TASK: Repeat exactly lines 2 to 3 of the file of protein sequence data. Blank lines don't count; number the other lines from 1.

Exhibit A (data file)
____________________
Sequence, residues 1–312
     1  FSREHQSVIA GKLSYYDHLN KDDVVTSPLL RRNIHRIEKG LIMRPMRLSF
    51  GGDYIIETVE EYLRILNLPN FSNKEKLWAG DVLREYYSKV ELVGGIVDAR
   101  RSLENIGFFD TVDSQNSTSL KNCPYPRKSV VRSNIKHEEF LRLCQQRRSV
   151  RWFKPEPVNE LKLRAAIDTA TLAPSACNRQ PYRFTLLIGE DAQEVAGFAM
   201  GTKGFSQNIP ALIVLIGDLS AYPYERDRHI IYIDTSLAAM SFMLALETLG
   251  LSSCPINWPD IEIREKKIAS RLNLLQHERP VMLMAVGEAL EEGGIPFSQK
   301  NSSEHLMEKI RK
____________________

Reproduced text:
     1  FSREHQSVIA GKLSYYDHLN KDDVVTSPLL RRNIHRIEKG LIMRPMRLSF
    51  GGDYIIETVE EYLRILNLPN FSNKEKLWAG DVLREYYSKV ELVGGIVDAR